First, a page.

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As Tom Petranoff of the Southern California Striders bounded down the crumbling Tartan javelin approach at the UCLA-Pepsi Invitational Track Meet Sunday, his spear held lightly aloft in his right hand, Olympic javelin thrower Karin Smith stood nearby, explaining the basics of the event to a curious spectator. "Watch this throw of Tom's," she said, "and I'll point out his mistakes to you and what happens because of them."
They watched. He threw. And Smith was silent. The javelin vibrated slightly as it left Petranoff's hand and then became stable, heading down the right side of the sector. "He hit it right through the point," said Smith finally. "Look at it!"
It sailed and sailed, turning point down as it struck the turf three good strides beyond the world-record line. The crowd on hand at this early stage of the meet, some 10,000, had moaned at the loveliness of the flight, but did not erupt in cheers. The markers must be wrong, many onlookers apparently thought. But Petranoff had indeed thrown 327'2", breaking the 1980 world record of Hungary's Ferenc Paragi by an astounding nine feet and 10 inches.
At 25 Petranoff is a rather rotund 6'2" 217-pounder, with curly locks and a Fu Manchu mustache, and a most astonishingly casual manner for a new world-record holder. "It felt easy," he said. "That's the way with the javelin. When you throw far, it's through the point [that is, with the force all going in the direction the spear is aimed] and smooth. To do well you've got to relax."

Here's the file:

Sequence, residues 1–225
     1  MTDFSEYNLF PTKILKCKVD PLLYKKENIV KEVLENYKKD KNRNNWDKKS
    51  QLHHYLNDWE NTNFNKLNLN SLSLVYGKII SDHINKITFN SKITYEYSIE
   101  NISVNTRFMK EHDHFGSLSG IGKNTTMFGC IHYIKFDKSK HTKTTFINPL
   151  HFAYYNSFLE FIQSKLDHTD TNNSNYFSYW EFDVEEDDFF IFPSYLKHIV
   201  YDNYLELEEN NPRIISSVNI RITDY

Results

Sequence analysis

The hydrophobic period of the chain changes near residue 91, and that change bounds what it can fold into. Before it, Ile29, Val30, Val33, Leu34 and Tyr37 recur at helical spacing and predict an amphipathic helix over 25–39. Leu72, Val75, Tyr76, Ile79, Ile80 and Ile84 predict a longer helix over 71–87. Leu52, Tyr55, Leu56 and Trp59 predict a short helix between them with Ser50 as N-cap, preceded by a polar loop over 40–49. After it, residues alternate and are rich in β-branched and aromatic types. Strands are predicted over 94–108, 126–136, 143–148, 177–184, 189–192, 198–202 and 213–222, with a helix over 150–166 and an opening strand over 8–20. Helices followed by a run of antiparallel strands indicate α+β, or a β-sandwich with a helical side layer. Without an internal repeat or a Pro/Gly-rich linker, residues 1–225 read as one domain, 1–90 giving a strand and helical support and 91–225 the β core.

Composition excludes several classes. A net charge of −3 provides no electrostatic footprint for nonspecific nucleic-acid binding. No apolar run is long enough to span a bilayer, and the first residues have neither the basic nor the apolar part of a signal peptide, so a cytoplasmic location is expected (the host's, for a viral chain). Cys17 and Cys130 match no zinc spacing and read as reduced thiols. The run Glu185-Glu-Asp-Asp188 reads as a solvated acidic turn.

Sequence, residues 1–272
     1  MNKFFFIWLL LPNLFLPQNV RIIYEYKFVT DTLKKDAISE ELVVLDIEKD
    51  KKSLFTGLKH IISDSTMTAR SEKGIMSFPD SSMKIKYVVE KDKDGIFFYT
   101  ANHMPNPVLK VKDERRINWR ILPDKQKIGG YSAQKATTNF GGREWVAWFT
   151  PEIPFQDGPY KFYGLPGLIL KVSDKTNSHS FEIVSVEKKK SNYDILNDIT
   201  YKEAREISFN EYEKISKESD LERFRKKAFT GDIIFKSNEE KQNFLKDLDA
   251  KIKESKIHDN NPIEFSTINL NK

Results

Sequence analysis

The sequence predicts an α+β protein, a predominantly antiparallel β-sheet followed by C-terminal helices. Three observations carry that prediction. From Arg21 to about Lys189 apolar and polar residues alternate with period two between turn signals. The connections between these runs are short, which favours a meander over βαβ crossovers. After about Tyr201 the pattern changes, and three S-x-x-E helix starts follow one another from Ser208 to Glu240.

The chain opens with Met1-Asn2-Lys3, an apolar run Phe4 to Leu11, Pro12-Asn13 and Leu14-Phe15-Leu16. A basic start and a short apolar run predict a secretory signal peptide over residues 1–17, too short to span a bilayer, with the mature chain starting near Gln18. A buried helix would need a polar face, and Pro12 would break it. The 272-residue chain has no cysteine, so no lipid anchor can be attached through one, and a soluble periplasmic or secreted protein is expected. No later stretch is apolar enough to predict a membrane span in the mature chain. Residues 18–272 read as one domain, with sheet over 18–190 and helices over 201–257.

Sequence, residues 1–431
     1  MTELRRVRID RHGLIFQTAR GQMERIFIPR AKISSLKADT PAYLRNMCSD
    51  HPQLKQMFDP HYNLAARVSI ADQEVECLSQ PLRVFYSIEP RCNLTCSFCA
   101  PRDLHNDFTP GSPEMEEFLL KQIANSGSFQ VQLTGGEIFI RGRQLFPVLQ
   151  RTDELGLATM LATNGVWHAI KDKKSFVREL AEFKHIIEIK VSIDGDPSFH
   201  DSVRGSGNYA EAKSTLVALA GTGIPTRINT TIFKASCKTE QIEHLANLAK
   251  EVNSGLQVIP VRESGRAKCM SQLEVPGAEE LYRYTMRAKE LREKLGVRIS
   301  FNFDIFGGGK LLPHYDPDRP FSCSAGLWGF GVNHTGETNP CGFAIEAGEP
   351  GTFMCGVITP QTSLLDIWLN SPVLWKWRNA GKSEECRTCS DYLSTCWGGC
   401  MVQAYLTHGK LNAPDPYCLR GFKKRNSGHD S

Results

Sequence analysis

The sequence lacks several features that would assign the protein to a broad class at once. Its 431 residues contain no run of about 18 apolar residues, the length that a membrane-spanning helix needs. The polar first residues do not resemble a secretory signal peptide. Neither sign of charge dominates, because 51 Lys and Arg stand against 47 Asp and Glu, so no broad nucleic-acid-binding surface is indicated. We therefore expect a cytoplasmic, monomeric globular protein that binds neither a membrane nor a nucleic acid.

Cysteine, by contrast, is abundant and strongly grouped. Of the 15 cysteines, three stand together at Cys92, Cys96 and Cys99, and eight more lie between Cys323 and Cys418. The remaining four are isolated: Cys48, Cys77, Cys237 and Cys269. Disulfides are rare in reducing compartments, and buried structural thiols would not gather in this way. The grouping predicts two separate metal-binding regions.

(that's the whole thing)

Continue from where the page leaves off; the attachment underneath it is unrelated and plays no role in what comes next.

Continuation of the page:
Petranoff seemed the man for that, mildly peeling an orange on the infield as cameramen and press swarmed around him. Until recently he was a wholesale grocery distributor in Los Angeles, working the night shift. Now he has taken a job with a brewery. He is originally from Illinois, but threw no javelins there. "I came to California in 1977 when I was 18," he said. He attended Palomar J.C. in San Marcos, and one day tried out for the baseball team as a pitcher and outfielder. The coaches didn't seem impressed by his arm, but on a nearby field he saw people throwing spears. "I said, 'Can I try?' "
Within four weeks he had reached 252'1". By last season he was ranked second in the U.S. behind American-record holder (314'4") Bob Roggy, with whom Petranoff roomed in an L.A. suburb in 1980. His best before Sunday was 297'0", but he had had throws of 305' and 308' at throwing clinics. Quietly confident, he had predicted a world record the night before to Canadian thrower Phil Olsen.
Petranoff was quick to credit javelin designer Dick Held for his success. "Dick tries to tailor a javelin to the technique of each thrower," Petranoff said. Held, standing alongside, explained that when traveling faster than 90 feet per second, a javelin develops a lift that exceeds its own weight, so it will soar as if borne by an invisible swan. Petranoff's velocity at release, he guessed, was at least 120 feet per second. "The greater the angle of attack through the air, the greater the lift," he said. "But to get that greater angle the javelin must be thrown with more power, which Tom obviously has."
But wait. The balance of the implement, the point shape and the diameter are all specified by the rules. So how do you tailor a javelin? "By working on the tail," said Held. "The narrower it is, the higher the javelin floats."
"It's like an airplane taking off," said Petranoff. "You want a little head wind—which it didn't feel like I had on that throw."
"But you shattered the world record!" cried a man with a microphone.